I’ve been feeling a little stuck in my progress with the Four Needs Framework, and one thing I am trying now is reframing my assumptions about the very basics of the framework. Here’s one such exploration. It comes from the recent thinking I’ve done around boundaries and relationships, a sort of continuation of the Puzzle Me metaphor. In part, the insight here comes from ideas in César Hidalgo’s Why Information Grows and Lisa Feldman Barrett’s How Emotions Are Made.
My conscious experience is akin to navigating a dense, messy network of concepts. I construct reality by creating and organizing these concepts. One way in which I organize concepts is by defining relationships between them and me. The nature of the relationship can be viewed as a continuum of judgements I can make about whether a concept is me or not me. For concepts that are closer to “me” in this continuum, I see my relationship with them more like a connection.
For concepts that are closer to “not me,” I judge the relationship with them as more like a boundary.
Sometimes the choice is clearly “me”, like my Self. Sometimes it’s nearly perfectly “me”, like my nose. Sometimes the choice is clearly not me. For example, last time I touched a hot stove I suddenly became informed that it definitely was not me. Sometimes, the position is somewhere in the middle. My bike is not me, since it’s not actually my body part, but it can feel like an extension of me on a Sunday ride.
Think of this continuum of judgements as a continuum between boundary and connection. The more I feel that the concept is “me,” the closer it is to the “connection” end of the continuum. The more I feel that the concept is “not me,” the farther it sits toward the “boundary” end of the continuum.
In this framing, the choices I make about my relationship with concepts are points on this continuum. As I interact with concepts, I define my relationship with them by picking the spot on this continuum based on my interaction experiences.
This is where the next turn in this story comes. It seems that some concepts will naturally settle down into one spot and stay there. “Hot stove” will stick far toward the “boundary” end of the continuum. “My bike” will be closer to “connection.” On the other hand, some concepts will resist this simple categorization. Depending on the interaction experience, they might appear as one of several points on the continuum. They might appear as a range, or maybe even a fuzzy cloud that covers part or the entire continuum.
The concepts that settle down into steady spots become part of my environment: they represent things that I assume to be there. They are my reference points. Things like ground, gravity, water, and so on take very little effort to acknowledge and rely on, because our brains evolved to operate on these concepts exceptionally efficiently.
The concepts whose position on the continuum is less settled are more expensive to the human brain to interact with. Because our brains are predictive devices, they will struggle to make accurate predictions. By expending extra energy, our brains will attempt to “make sense” of these concepts. A successful outcome of this sense-making process is the emergence of new concepts. Using the hot stove example from above, the brain might split the seemingly-binary concept of a “stove that sometimes hurts and sometimes doesn’t” into “hot stove” and “cold stove.” This new conceptual model is more subtle and allows for better prediction. It is also interesting to note how concept-splitting retains transitive relationships (“hot stove” is still a “stove”) and seems to form a relational network for stable concepts.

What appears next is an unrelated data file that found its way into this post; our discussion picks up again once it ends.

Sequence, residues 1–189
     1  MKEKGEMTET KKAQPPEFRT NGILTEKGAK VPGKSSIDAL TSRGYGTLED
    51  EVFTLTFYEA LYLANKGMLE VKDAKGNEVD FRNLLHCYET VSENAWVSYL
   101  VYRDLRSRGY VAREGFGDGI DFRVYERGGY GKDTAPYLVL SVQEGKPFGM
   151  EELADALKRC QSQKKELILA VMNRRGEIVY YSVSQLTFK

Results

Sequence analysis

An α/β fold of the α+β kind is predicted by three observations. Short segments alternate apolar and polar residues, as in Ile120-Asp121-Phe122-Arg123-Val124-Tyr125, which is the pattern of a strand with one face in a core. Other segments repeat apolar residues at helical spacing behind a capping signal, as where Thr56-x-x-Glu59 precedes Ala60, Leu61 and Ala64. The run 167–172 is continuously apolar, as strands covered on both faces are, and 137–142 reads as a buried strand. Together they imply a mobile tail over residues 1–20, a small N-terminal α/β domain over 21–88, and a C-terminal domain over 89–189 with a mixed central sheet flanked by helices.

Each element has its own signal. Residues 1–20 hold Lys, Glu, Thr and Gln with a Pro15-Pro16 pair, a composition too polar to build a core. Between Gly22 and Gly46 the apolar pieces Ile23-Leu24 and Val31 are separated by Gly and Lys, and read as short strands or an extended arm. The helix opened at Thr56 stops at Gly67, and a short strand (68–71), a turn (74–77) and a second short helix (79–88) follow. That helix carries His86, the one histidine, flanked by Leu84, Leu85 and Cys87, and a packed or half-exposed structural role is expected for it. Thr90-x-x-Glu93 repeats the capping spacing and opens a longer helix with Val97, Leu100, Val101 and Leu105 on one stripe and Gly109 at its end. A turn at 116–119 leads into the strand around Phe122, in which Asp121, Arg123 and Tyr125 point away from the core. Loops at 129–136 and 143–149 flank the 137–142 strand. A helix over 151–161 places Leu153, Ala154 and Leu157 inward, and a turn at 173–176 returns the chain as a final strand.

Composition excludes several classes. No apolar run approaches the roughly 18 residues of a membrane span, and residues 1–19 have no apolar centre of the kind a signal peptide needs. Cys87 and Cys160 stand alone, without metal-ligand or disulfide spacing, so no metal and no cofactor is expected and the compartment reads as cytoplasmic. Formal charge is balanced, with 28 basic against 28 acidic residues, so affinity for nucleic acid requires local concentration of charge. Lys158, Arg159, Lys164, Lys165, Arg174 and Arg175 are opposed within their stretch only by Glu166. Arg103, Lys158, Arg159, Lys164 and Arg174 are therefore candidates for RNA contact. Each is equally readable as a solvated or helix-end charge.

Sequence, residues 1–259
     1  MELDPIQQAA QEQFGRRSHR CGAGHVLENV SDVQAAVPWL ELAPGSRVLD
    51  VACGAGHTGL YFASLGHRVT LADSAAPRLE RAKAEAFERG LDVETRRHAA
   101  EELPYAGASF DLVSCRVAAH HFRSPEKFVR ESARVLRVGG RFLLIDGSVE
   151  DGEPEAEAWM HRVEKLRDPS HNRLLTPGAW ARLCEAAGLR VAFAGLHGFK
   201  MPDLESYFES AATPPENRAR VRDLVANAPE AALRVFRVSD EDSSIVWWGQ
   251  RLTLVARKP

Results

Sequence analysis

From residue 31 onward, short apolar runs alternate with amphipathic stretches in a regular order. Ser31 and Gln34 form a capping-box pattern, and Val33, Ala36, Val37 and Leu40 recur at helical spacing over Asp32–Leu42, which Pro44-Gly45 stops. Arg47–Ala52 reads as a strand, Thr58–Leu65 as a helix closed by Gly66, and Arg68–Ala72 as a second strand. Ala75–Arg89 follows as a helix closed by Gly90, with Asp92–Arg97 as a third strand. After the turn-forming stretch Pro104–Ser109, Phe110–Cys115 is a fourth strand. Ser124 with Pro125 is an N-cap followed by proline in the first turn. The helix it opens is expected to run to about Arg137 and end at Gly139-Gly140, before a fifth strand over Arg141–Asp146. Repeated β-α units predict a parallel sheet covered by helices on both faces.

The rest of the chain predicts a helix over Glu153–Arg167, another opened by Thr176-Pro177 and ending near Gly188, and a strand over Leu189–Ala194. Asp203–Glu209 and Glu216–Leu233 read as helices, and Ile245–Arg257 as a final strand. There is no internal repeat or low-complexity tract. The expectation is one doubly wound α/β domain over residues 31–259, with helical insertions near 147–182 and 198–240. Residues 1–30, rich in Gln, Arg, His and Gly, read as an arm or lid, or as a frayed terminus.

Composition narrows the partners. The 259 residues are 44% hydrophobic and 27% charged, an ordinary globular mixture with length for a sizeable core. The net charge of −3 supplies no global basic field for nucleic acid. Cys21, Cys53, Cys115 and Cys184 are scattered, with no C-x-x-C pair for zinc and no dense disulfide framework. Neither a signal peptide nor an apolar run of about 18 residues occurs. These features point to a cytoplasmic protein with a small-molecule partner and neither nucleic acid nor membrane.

There’s also a possibility of a stalemate in this seemingly mechanical game of concept-splitting: a relationship polarity. A relationship polarity occurs when the concept appears to resist being split into a connected network of more stable concepts.
Sometimes I feel cranky, and sometimes I feel happy. Is it because I am hungry? Sometimes. Is it because of the weather? Sometimes. Relationship polarities are even more energy-consuming, because they produce this continuous churn within the relational network of concepts. My mind creates a model using one set of concepts, then the new experiences disconfirm it, the mind breaks it down, and creates another model, and so on. There’s something here around affect as well: this churn will likely feel uncomfortable as the interoceptive network issues warnings about energy depletion. In terms of emotions, this might manifest as concepts of “dread”, “stress”, “anxiety”, etc.
What was most curious for me is how a relationship polarity arises naturally as a result of two parties interacting. The key insight here is in adaptation being a source of the seeming resistance. As both you and I attempt to construct conceptual models of each other, we adjust our future interactions according to our models. In doing so, we create more opportunities for disconfirming experiences to arise, spurring the concept churn. The two adaptive parties do not necessarily need to be distinct individuals. As I learn more about myself, I change how I model myself, and in doing so, change how I learn about myself.